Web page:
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i want to allocate a matrix.

is this the only option:

int** mat = (int**)malloc(rows * sizeof(int*))

for (int index=0;index<row;++index)
{
    mat[index] = (int*)malloc(col * sizeof(int));
}

thanks

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7 Answers 7

up vote 10 down vote accepted

Well, you didn't give us a complete implementation. I assume that you meant.

int **mat = (int **)malloc(rows * sizeof(int*));
for(int i = 0; i < rows; i++) mat[i] = (int *)malloc(cols * sizeof(int));

Here's another option:

int *mat = (int *)malloc(rows * cols * sizeof(int));

Then, you simulate the matrix using

int offset = i * cols + j;
// now mat[offset] corresponds to m(i, j)

for row-major ordering and

int offset = i + rows * j;
// not mat[offset] corresponds to m(i, j)

for column-major ordering.

One of these two options is actually the preferred way of handling a matrix in C. This is because now the matrix will be stored contiguously in memory and you benefit from locality of reference. Basically, the CPU cache will a lot happier with you.

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1  
if your compiler supports variable-length arrays or if cols is a compile-time constant, you don't even need to compute the offsets yourself; if you use int (*mat)[cols] = malloc(rows * sizeof *mat), you can access the elements via mat[i][j] and still use a contiguous block of memory –  Christoph Jan 24 '10 at 20:52
1  
Even ignoring performance, a single allocation is also preferable because it's simpler. There are fewer things to deallocate later, and there's no need to deal with partial allocation failures. –  jamesdlin Jan 24 '10 at 21:11
    
Wouldn't this be a problem if each malloc created discontinuous memory blocks, making their addresses not serial? For example, the first malloc could return the pointer 0x635 and the other mallocs could return pointers 0xA279, 0xB7DD, etc.. If this happens a simple calculation such as stated above would not work. –  Bruno Philipe Nov 29 '13 at 0:16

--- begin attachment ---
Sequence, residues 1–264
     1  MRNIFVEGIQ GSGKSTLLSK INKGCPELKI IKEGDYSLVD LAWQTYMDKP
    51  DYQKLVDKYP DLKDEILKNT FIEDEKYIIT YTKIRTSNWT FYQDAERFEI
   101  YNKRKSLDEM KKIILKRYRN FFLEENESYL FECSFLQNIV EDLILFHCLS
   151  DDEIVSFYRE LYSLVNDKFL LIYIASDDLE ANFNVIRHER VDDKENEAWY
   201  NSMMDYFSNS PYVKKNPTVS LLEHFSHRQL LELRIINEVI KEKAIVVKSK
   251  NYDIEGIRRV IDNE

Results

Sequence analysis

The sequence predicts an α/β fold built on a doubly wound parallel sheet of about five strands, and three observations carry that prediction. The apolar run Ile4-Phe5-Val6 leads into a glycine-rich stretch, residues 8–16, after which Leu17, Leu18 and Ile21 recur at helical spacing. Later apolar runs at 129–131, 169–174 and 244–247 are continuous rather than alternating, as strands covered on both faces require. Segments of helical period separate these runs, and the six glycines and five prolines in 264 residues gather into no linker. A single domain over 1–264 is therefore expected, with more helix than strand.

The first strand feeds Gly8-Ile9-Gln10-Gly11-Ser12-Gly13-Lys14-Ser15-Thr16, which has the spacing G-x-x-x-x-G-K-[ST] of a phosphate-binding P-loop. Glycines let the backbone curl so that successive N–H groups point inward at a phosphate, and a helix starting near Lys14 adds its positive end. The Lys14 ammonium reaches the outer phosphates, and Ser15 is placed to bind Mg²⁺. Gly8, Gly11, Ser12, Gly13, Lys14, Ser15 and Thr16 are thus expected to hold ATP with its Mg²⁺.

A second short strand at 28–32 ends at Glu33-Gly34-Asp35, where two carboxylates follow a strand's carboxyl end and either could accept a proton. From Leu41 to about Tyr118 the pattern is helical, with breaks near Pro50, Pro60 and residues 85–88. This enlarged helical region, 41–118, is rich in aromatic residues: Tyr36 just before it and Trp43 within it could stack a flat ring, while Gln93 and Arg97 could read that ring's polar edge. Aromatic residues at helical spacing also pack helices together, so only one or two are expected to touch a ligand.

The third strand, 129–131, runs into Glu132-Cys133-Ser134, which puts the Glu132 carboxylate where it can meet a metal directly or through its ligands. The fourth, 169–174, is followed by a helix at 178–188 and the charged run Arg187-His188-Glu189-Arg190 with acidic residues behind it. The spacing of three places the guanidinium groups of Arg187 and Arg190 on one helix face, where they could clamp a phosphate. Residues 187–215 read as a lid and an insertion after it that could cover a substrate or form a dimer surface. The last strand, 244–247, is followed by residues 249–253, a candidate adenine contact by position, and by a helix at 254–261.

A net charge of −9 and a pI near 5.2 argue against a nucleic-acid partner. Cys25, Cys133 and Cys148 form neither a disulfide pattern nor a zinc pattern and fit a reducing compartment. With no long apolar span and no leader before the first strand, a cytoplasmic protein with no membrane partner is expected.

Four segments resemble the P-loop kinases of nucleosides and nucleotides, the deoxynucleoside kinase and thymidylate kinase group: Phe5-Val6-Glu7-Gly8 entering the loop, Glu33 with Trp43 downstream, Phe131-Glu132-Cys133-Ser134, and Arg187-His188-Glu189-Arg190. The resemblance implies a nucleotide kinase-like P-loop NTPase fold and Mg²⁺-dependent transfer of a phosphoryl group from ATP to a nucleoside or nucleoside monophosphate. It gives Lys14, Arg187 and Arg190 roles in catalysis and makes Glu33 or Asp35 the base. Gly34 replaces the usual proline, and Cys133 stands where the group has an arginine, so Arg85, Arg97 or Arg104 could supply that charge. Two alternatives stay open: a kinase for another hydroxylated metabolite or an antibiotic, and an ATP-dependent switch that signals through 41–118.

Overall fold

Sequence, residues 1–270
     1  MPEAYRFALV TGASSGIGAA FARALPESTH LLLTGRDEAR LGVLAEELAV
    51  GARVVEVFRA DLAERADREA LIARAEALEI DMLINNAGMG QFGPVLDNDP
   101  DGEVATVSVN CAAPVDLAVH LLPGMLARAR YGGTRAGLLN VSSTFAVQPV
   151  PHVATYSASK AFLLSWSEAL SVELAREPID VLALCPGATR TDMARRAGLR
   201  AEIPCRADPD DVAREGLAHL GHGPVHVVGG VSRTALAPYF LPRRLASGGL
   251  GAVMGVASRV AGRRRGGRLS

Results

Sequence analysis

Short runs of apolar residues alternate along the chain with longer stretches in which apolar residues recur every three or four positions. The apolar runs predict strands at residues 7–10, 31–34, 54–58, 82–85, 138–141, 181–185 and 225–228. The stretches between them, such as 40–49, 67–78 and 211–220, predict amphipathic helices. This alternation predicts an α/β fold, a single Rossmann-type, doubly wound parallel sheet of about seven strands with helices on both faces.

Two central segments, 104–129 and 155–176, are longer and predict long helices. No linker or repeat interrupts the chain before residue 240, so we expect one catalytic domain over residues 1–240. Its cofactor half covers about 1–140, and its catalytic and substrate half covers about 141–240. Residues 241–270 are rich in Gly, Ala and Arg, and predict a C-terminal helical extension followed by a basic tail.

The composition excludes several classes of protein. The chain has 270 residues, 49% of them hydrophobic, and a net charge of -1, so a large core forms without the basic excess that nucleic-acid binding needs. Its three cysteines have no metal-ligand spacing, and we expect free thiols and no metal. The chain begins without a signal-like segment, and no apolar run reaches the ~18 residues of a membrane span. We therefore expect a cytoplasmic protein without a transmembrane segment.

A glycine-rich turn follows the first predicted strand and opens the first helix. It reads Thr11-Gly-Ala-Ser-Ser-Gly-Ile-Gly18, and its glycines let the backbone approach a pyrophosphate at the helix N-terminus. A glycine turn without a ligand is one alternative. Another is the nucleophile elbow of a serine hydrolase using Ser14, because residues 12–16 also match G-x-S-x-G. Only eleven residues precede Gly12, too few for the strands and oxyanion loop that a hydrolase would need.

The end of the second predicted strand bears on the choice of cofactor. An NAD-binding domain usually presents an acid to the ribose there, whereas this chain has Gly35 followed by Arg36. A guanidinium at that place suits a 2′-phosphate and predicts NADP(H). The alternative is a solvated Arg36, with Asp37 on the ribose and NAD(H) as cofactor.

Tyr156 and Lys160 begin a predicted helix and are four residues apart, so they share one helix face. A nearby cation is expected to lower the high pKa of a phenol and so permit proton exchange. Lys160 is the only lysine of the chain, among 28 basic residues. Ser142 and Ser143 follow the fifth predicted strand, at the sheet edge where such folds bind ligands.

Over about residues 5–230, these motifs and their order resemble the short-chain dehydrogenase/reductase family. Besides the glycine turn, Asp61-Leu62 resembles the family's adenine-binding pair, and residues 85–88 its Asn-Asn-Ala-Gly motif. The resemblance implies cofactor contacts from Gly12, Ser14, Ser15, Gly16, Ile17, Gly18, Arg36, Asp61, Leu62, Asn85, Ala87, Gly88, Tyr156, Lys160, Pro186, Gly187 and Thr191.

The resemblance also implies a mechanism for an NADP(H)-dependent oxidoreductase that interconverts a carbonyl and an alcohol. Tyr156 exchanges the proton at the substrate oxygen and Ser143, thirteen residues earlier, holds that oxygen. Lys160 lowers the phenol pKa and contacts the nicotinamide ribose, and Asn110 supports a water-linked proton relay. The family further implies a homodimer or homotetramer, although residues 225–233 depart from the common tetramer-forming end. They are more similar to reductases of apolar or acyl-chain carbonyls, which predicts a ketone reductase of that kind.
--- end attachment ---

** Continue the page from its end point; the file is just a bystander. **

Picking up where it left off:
The other answers already covered these, but for completeness, the comp.lang.c FAQ has a relevant entry:

How can I dynamically allocate a multidimensional array?

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How about just:

int* mat = malloc(rows * columns * sizeof(int));
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You may also use calloc, which will additionally zero initialize the matrix for you. The signature is slightly different:

int *mat = (int *)calloc(rows * cols, sizeof(int));
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For a N-Dimensional array you can do this:

int *matrix = malloc(D1 * D2 * .. * Dn * sizeof(int)); // Di = Size of dimension i

To access a array cell with the typical way you can do this:

int index = 0;
int curmul = 1;
int i;
int indexes = {I1, I2, ..., In}; // Ii = Index in dimension i

for(i = N-1; i >= 0; i--) {
    index = index + indexes(i) * curmul;
    curmul = curmul * Di;
}

(Note: didnt test now but should work. Translated from my Matlab code, but in Matlab index starts from 1, so i MAY made a mistake (but i dont think so))

Have fun!

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You can collapse it to one call to malloc, but if you want to use a 2d array style, you still need the for loop.

int** matrix = (int*)malloc(rows * cols * sizeof(int) + rows * sizeof(int*));

for (int i = 0; i < rows; i++) {
    matrix[i] = matrix + rows * sizeof(int*) + rows * cols * sizeof(int) * i;
}

Untested, but you get the idea. Otherwise, I'd stick with what Jason suggests.

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this only works if sizeof (int) == sizeof (int *) - otherwise, the offset will be wrong; it actually might be wrong even if this is the case –  Christoph Jan 24 '10 at 20:59
    
@Christoph: Good point, and that's easy to work around too, but like I noted in my answer, this is untested. Fixed this now. –  Matthew Scharley Jan 24 '10 at 21:20

what you can do is

int (*mat)[col];
mat=(int (*)[col])malloc(sizeof(*mat)*row);

and then use this new matrix as mat[i][j]

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